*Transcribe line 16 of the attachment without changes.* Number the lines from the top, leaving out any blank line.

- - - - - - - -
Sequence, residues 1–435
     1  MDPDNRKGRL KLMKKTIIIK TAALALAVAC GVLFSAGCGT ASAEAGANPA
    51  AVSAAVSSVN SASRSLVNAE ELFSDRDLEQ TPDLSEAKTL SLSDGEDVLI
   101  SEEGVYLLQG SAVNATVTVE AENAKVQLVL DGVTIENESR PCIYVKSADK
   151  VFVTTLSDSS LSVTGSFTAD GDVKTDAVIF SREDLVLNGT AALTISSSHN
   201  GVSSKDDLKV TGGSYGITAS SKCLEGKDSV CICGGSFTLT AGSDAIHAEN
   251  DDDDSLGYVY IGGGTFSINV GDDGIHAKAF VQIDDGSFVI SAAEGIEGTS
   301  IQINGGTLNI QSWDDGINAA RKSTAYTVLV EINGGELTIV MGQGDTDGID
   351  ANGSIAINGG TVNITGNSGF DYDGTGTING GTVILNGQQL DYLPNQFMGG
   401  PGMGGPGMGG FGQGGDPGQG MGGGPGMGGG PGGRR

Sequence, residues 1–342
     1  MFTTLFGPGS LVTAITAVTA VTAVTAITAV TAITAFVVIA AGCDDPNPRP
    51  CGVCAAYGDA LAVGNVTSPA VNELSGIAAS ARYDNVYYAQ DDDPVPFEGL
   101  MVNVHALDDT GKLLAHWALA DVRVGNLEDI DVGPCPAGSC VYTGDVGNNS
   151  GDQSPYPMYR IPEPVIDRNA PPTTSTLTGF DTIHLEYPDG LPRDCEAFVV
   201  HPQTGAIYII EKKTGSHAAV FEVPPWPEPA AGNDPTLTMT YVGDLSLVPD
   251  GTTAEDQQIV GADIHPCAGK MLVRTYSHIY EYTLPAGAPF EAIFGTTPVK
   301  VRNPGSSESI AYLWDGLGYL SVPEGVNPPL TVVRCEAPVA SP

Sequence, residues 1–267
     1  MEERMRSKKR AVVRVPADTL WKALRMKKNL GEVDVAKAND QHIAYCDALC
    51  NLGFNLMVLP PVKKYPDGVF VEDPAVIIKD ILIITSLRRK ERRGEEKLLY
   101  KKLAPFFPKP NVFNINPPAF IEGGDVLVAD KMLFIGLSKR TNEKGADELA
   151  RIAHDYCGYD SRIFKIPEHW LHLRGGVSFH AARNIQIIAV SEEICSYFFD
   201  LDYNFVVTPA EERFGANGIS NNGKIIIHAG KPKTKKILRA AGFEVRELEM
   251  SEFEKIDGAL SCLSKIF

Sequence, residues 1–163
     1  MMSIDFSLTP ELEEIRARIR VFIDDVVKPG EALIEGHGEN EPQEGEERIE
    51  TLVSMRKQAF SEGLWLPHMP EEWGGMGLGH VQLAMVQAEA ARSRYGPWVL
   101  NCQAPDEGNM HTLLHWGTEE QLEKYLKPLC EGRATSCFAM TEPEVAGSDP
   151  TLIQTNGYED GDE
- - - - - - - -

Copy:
   201  HPQTGAIYII EKKTGSHAAV FEVPPWPEPA AGNDPTLTMT YVGDLSLVPD